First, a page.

FFRF lawsuit removes 14-foot cross in California

1santaclaraLocal media tweet showing before and after photographs

A 14-foot granite cross in a public park in Santa Clara, Calif., was recently removed, following a federal court challenge by the Freedom From Religion Foundation.

FFRF and a local member sued the city in April 2016, after FFRF had attempted for four years to persuade the city to remove the cross without litigation.

The cross was donated by the Santa Clara Lion’s Club in 1953 for the decidedly nonsecular purpose of marking the site of the second Spanish Catholic mission, which had been established in 1777.

As part of the ongoing settlement, the city has donated the cross to the Catholic Santa Clara University. FFRF did not receive prior notification about the removal, learning via South Bay NBC (see tweet above) that it was no longer in the park as of late Friday, Jan. 13.

“We’re happy that the city divested itself of this religious symbol, and that the Constitution is now being complied with,” says FFRF Managing Staff Attorney Rebecca Markert.

Markert and other FFRF staff had written or phoned the city on more than a dozen occasions since first contacting the city over the Establishment Clause violation in April 2012. The city had indicated in 2012 that it looked forward “to resolving this matter in an expeditious and responsible manner.”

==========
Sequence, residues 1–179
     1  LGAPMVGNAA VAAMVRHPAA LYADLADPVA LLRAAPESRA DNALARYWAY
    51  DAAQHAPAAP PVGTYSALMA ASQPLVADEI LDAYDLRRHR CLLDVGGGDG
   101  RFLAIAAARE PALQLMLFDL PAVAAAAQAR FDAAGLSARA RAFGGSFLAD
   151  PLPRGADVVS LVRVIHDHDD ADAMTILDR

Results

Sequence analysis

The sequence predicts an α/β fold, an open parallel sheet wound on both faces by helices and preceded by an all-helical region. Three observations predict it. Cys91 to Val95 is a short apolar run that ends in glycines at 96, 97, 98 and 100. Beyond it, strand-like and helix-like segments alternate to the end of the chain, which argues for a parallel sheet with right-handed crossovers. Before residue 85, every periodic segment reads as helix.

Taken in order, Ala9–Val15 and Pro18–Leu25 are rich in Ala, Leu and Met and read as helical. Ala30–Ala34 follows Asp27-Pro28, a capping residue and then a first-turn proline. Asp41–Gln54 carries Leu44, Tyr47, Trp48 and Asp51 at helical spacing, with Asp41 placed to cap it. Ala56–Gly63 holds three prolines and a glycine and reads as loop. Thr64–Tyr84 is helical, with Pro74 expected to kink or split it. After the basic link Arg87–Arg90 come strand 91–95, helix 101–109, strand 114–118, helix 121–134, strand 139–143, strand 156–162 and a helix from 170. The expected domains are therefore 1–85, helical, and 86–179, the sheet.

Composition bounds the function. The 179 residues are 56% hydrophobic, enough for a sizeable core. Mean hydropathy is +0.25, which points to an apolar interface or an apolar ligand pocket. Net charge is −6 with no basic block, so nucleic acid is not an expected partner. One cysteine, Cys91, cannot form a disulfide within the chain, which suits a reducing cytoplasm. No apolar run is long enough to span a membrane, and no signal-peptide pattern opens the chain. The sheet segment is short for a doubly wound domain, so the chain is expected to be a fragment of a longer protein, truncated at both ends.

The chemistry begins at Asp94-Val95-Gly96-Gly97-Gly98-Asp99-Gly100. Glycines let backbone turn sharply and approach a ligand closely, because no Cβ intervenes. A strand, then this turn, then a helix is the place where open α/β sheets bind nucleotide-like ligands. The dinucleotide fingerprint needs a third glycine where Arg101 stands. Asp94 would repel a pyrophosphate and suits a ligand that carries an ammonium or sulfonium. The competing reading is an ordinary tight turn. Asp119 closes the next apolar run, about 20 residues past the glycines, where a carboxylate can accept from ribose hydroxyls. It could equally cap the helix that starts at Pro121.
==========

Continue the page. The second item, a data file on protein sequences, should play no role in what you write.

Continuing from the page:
“It’s a very rational way to begin the New Year — sending a strong message of support of the wall of separation between religion and government,” says FFRF Co-President Annie Laurie Gaylor. “Reason and the Constitution have prevailed.”

The Freedom From Religion Foundation and its member had asked the U.S. District Court for the Northern District of California — San Jose Division, to declare the city cross in violation of Establishment Clause of the First Amendment to the U.S. Constitution, as well as the No Preference Clause of Article I, § 4 of the California Constitution.

FFRF v. City of Santa Clara is being litigated on behalf of FFRF by David J.P. Kaloyanides, with FFRF attorneys Rebecca Markert and Madeline Ziegler serving as co-counsel. The case, No. 5:16-cv-02072, remains before Judge Lucy H. Koh, a President Obama appointee, until the final settlement papers are signed.

Freedom From Religion Foundation

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